The genus name Syngnathus derives from the Greek, syn, symphysis meaning grown together and gnathos meaning jaw. The Latin species name acus means needle.
The Greater pipefish has a long segmented armoured body, angular in cross section and stretching up 45 cm long with its stiff appearance. It ranges a color brown to green in with broad alternating light and dark hue along it. Its customized by a long snout with mouth on end and a slight hump on the top of the body just behind the eyes.
The fish is generally 33 cm to 35 cm in length with a reported maximum length of 47 cm. They are almost square in each segment of the body, and known to feel rigid when handled. The Greater pipefish has distinctive body rings which are a sandy brown with darker bars covering his body in between.
The anatomy of fish vary through the sex. The top third of the females belly is deep (when egg bound), twice the breadth of the lower two thirds below the vent. The male is the "tailing" with the twin folds below the vent. The folds of the skin make the middle third and during the "brooding" of the young they swell in size until the young are released from the pouch (at a size of 22 mm to 35 mm).
These fishes feed on live mysids and small prawns. They are ovoviviparous and reproduce usually theree times each year. A few females deposit partial clutches under the tail into the male’s brood pouch, that may contain up to 400 eggs.
The southern African species Syngnathus temminckii (Kaup, 1856) was until recently synonymised with S. acus. However, morphological data clearly show that it is distinct, and genetic data indicate that it is not even the sister taxon of S. acus, but of another southern African species, the river pipefish S. watermeyeri (Mwale et al., in press).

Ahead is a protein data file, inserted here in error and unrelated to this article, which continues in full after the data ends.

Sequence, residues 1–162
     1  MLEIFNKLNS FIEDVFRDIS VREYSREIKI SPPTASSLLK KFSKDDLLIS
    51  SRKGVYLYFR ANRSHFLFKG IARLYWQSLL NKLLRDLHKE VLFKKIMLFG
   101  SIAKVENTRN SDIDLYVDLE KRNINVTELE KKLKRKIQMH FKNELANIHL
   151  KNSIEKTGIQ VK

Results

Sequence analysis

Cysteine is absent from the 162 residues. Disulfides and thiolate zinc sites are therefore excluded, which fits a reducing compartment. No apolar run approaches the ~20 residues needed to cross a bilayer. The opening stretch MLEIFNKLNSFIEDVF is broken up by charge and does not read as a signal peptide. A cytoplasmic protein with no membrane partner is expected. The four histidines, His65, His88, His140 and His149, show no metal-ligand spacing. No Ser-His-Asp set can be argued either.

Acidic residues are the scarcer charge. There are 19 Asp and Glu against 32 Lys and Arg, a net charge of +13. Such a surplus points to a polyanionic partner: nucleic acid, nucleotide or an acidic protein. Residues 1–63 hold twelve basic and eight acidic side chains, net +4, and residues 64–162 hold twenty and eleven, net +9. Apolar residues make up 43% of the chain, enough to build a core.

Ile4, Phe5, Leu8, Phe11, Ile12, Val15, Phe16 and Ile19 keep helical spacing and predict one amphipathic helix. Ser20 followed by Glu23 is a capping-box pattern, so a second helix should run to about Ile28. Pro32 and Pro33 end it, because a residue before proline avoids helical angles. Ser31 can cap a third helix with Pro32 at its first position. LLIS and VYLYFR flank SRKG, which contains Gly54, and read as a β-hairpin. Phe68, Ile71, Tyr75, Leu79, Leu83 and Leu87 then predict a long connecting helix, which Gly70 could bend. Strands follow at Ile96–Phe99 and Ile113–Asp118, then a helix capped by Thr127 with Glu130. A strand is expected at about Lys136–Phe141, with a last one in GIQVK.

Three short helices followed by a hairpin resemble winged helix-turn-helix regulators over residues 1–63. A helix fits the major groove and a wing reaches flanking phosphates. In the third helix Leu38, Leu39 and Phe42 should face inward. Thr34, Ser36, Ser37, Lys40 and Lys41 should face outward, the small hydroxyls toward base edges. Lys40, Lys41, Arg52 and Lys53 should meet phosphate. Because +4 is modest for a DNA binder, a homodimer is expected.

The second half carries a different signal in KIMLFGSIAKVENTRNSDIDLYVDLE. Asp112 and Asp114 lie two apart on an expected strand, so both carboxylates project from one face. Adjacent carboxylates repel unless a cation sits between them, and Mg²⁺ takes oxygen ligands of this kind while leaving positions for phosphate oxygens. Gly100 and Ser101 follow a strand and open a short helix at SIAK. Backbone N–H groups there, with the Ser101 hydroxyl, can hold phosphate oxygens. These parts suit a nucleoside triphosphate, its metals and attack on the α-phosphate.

Social behavior of two juvenile specimens of Syngnathus acus
- Bent J. Muus, Jørgen G. Nielsen: Die Meeresfische Europas. In Nordsee, Ostsee und Atlantik. Franckh-Kosmos Verlag, ISBN 3-440-07804-3
- Dawson, C.E., 1986. Syngnathidae. p. 628-639. In P.J.P. Whitehead, M.-L. Bauchot, J.-C. Hureau, J. Nielsen and E. Tortonese (eds.) Fishes of the North-eastern Atlantic and the Mediterranean. Volume 2. Unesco, Paris.
- Rudie H. Kuiter: Seepferdchen: Seenadeln, Fetzenfische und ihre Verwandten. Ulmer (Eugen), 2001, ISBN 3-80013-244-3
- Froese, Rainer and Pauly, Daniel, eds. (2015). "Syngnathus acus" in FishBase. October 2015 version.
- Greater Pipefish Syngnathus acus - Jim Hall
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